Before man can find a home in the church, before passing the threshold of God's spiritual kingdom, he is to receive the impress of the divine name, "The Lord our righteousness" (Jeremiah 23:6).11. What symbol represents the church?"And hath put all things under his feet, and gave him to be the head over all things to the church, Which is his body, the fullness of him that filleth all in all" (Ephesians 1:22, 23).

All of God's people upon the earth are one body, from the beginning to the end of time. They have one head that directs and governs the body. "The head of every man is Christ." God, who put all things under the Saviour's feet, "gave Him to be the head over all things to the church, which is His body" (1 Corinthians 11:3; Ephesians 1:22, 23). The church is built upon Christ as its foundation; it is to obey Christ as its head. It is not to depend on man or be controlled by man.

12. What are we to be baptized "into?"

"For by one Spirit are we all baptized into one body, whether we be Jews or Gentiles, whether we be bond or free; and have been all made to drink into one Spirit" (1 Corinthians 12:13).

We are all baptized into Christ's body, the church, by the Holy Spirit. Christ recognized no distinction of nationality or rank or creed. The scribes and Pharisees desired to make a local and national benefit of the gifts of heaven and to exclude the rest of God's family in the world. But Christ came to break down every wall of partition. The life of Christ established a religion in which there is no caste, a religion by which Jew and Gentile, free and bond, are linked in a common brotherhood, equal before God. He made no difference between neighbors and strangers, friends and enemies.

13. What is given to those who are baptized?

"But the manifestation of the Spirit is given to every man to profit withal. For to one is given by the Spirit the word of wisdom; to another the word of knowledge by the same Spirit; To another faith by the same Spirit; to another the gifts of healing by the same Spirit; To another the working of miracles; to another prophecy; to another discerning of spirits; to another divers kinds of tongues; to another the interpretation of tongues: But all these worketh that one and the selfsame Spirit, dividing to every man severally as he will. For as the body is one, and hath many members, and all the members of that one body, being many, are one body: so also is Christ" (1 Corinthians 12:7-12).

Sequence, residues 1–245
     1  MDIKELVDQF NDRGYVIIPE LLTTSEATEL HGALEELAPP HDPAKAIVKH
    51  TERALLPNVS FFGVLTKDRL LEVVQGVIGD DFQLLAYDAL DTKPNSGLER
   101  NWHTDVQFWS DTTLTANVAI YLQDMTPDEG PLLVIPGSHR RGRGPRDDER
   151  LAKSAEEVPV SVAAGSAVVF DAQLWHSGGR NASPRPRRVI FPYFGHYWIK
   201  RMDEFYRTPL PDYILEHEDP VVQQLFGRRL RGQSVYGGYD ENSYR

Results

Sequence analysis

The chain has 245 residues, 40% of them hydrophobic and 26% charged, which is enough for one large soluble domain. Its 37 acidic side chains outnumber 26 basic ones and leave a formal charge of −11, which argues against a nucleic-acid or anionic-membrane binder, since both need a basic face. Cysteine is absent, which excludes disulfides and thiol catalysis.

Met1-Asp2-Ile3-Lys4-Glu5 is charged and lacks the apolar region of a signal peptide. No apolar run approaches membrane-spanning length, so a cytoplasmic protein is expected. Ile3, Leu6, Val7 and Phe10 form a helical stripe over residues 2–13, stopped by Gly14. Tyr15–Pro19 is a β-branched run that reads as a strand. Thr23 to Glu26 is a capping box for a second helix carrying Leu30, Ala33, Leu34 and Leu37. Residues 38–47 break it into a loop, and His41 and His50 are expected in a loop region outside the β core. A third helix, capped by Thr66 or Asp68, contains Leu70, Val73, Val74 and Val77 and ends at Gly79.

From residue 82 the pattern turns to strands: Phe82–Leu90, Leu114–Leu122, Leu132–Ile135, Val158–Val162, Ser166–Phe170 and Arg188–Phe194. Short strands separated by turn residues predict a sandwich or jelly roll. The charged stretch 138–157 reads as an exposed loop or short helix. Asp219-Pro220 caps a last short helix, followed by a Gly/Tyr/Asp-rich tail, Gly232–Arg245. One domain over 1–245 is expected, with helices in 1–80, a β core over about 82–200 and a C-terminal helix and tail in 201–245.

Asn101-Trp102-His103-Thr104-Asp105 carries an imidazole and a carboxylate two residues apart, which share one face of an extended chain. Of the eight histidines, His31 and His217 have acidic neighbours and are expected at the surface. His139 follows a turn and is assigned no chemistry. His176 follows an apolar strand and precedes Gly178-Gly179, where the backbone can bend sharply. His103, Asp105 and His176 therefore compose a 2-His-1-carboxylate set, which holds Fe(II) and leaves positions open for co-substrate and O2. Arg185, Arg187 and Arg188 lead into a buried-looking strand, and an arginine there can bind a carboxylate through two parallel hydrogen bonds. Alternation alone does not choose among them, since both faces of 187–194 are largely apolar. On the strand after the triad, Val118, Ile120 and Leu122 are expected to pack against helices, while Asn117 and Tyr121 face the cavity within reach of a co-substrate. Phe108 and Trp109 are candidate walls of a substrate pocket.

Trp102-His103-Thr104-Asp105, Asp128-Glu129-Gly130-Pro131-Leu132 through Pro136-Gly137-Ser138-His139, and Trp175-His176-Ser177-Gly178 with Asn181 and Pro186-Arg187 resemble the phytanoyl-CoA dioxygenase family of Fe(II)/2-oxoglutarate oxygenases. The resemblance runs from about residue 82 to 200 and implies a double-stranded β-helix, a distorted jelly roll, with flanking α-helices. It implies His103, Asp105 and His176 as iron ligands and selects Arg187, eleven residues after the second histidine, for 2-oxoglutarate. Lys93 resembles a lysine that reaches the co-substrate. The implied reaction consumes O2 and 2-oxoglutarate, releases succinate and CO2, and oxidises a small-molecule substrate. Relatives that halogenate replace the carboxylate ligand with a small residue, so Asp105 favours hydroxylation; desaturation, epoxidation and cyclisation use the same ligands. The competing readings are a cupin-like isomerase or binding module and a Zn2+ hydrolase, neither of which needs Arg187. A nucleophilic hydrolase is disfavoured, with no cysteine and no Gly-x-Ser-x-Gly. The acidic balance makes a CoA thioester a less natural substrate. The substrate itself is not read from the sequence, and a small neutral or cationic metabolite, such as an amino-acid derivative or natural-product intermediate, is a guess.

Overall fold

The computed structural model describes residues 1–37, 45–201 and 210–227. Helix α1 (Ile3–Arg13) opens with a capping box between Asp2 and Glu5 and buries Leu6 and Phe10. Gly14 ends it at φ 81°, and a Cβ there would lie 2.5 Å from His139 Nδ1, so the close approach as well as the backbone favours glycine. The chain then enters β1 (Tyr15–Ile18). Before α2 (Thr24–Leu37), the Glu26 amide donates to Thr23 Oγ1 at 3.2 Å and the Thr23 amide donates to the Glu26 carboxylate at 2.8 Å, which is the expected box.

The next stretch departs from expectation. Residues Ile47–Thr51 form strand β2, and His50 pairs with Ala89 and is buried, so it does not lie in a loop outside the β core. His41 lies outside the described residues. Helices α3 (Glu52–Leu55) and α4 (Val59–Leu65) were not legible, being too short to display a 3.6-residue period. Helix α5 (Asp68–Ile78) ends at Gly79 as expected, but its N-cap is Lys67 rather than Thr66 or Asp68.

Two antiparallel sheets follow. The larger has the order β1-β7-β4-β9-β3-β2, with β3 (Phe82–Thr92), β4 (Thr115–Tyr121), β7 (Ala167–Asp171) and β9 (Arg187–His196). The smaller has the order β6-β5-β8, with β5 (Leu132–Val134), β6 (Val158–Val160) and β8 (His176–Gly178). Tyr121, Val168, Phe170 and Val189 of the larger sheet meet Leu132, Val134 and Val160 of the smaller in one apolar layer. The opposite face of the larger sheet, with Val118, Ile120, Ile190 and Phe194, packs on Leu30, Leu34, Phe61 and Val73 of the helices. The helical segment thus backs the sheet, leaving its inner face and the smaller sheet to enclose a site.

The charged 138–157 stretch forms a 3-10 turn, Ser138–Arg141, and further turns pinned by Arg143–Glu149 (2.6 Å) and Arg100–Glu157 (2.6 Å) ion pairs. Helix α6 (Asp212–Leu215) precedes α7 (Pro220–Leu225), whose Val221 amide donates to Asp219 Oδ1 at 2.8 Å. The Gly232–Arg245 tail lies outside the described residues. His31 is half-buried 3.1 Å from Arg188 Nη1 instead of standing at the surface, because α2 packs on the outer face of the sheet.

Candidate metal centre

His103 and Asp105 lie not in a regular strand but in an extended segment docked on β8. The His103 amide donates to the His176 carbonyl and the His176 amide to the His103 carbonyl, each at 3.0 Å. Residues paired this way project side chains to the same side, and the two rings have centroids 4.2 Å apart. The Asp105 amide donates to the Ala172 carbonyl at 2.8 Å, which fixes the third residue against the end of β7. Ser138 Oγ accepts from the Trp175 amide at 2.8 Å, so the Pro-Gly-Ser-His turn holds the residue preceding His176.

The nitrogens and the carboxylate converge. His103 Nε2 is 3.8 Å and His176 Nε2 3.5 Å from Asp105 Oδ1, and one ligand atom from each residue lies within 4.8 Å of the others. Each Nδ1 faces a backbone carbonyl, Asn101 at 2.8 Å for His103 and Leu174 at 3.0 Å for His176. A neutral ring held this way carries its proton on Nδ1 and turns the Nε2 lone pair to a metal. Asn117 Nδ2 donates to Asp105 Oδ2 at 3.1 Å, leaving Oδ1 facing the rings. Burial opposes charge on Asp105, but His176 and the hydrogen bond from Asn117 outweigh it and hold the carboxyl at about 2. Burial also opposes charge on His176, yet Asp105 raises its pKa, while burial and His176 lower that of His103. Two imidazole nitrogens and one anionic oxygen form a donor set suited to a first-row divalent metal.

Later in the history of the early church, when in various parts of the world many groups of believers had been formed into churches, the organization of the church was further perfected so that order and harmonious action might be maintained. Every member was exhorted to act well his part. Each was to make wise use of the talents entrusted to him. Some were endowed by the Holy Spirit with special gifts.

In their different lines of work, they all have but one head. The same Spirit, in different ways, works through them. There is harmonious action, though the gifts differ.

14. What are we to do with these gifts after we are baptized?

"Every branch in me that beareth not fruit he taketh away: and every branch that beareth fruit, he purgeth it, that it may bring forth more fruit. ... Herein is my Father glorified, that ye bear much fruit; so shall ye be my disciples" (John 15:2, 8).